Letters to the Editor
Where in Maine?
I live in Colorado but was born and raised in Falmouth Foreside. Your March mystery photograph was taken from the town landing there, and for seventeen years I lived about two hundred yards behind the second house from the right. I could tell you who lived in each of the houses pictured. I worked in the general store that you mention — the Town Landing Market. I go back to Maine every summer for about a month, and I still think this is one of the most beautiful spots in the state. When I saw your photograph, it gave me shivers and my eyes began to well up. That's one wicked nice place!
-Brian A. Rich
Having worked for Lucas Tree Experts in Portland for twenty-five years now, I would recognize the two towering red oaks on the right side of your March "Where in Maine?" photograph anywhere. Our crews have maintained those trees for a number of years now, and the largest is more than a hundred and fifty years old. Imagine being one of our arborists at the top of that tree approximately 120 feet above the water and looking out over Casco Bay. There are more boats than there used to be, but it is still a nice place to eat the lunch I buy at the Town Landing Market. I am fortunate to have the job I have where I see wonderful trees and homes like these every day from Falmouth up the coast to Boothbay. It's a really big office with a really nice view.
Bravo and heartiest thanks to Down East for "The Care and Feeding of an Old Maine House" article in your March issue, and specifically for recommending that people not replace their original windows. The windows are the "eyes" of a home, and for those of us who love historic houses, vinyl replacements are a defacement. Whether they come with or without the obviously phony muntins (the dividing bars), they spoil the character of what might otherwise be a handsome property. Tragically, some Realtors advise sellers to "upgrade" the windows to make a house more marketable. It can be costly speculation, because people intentionally seeking an old house are turned off immediately and reversing the change is impractical. If I had the money to spare I would send a copy of your article to every Realtor in New England.
Hands Off Tina
I was much dismayed when I came to the question in your February "Timber!" quiz in which you ask on which TV reality show did "Timber" Tina Scheer, owner of the Great Maine Lumberjack Show, appear. "Timber" Tina and the Great Maine Lumberjack Show are in Trenton, not Ellsworth. We don't mind sharing Tina with the world, but we want to make sure the world knows the Great Maine Lumberjack Show is in Trenton. Our big brother to the north always overshadows us, and we won't stand for you giving them Tina!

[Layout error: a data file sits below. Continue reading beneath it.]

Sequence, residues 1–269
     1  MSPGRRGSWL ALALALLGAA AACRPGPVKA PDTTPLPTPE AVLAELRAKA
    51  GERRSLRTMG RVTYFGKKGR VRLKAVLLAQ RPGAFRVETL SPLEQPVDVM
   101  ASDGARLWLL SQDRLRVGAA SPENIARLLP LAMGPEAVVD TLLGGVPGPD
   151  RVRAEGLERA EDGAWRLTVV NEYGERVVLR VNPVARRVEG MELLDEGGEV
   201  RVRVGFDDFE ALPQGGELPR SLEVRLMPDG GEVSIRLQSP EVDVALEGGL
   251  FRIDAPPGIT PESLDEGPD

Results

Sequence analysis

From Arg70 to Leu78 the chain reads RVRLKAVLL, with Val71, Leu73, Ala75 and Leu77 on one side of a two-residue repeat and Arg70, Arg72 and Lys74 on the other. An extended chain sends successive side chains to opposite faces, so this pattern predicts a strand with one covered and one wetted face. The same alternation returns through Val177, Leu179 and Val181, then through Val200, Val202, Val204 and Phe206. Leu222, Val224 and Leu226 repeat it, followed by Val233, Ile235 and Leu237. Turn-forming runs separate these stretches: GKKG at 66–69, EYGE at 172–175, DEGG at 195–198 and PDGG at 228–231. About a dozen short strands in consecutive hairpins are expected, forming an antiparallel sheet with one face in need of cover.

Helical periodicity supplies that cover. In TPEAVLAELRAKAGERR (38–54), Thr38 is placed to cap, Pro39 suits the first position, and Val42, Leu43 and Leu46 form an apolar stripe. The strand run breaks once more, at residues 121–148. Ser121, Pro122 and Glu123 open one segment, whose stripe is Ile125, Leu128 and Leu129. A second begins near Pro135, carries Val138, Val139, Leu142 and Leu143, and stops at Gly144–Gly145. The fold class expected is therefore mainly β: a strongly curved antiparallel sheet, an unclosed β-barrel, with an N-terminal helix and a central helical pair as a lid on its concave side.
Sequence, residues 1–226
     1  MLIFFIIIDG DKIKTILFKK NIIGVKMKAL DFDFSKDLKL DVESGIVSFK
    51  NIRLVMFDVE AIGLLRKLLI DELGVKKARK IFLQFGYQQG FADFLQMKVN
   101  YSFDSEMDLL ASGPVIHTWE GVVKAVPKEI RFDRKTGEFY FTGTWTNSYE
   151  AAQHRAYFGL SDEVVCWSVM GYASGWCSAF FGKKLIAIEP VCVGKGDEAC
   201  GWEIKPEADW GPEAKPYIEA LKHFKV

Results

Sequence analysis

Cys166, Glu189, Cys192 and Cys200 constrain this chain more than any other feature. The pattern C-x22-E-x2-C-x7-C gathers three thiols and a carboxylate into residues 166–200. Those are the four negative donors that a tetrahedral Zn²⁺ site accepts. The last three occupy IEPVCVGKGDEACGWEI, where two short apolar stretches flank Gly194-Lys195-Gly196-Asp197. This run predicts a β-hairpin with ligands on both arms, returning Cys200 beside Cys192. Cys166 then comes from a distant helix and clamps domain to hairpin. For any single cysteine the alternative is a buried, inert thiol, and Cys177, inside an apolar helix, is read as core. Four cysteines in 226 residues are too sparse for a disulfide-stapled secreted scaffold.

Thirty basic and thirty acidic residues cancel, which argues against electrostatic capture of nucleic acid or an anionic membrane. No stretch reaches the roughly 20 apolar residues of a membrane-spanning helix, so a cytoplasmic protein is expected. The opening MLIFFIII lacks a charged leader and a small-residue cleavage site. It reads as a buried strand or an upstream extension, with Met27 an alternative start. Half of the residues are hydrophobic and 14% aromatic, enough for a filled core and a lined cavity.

Acting president, Trenton Chamber of Commerce
A Radical Approach
Squirrels are meant to be in the woods. As we eliminate their territory and well-meaning people feed them because they are cute, they reproduce at an alarming rate and take over the neighborhood. Unfortunately your editor's only options regarding his nemesis, Kim Jong Squirrel ["Editor's Note," March 2007], are to live with him and all of his relatives forever or buy a pellet rifle and eliminate him. I tried all of the "humane" things with a squirrel, such as trapping and releasing him miles away, but found that these actions only caused him to return with more of his family. The final straw was when I found a large male trying to eat through the siding and facia of my house while hanging upside down. Remember, you are dealing with tree rats. They taught rabbits how to reproduce. I live in an older section of a nice development. My neighborhood has large, old trees. All the houses have decent-size lots and all back up to a large common ground. I watch them run from one house to the next, and everyone has at least one nest in their yard. Shooting them was my last resort, and the most humane way to eliminate them.I no longer have a squirrel problem.
St. Louis, Missouri
I enjoyed Richard Grant's story in your March issue on houseplants, since my office is filled with them. In the fall, I bring in some geraniums from the cemetery and nurture them over the winter. My dear departed mother lamented during her long hours working in the family grocery store, Pagurko's Red & White in Pejepscot, that she couldn't grow anything. After retirement she developed the proverbial green thumb, filling her home inside and out with flowers and plants. Her many African violets were profuse with blossoms. My mother passed away in 1990, and I still have her Christmas cactus blooming even today. It now measures over four-and-a-half feet across. I wonder, did I inherit her green thumb or is she watching over it?
-Dorothy B. Fitzgerald
Lisbon Falls, Maine
The purchase fee of a unit at Atlantic Heights Retirement Community in Saco is $260,000. The amount was misstated in a listing in our February 2007 Retiring in Maine supplement.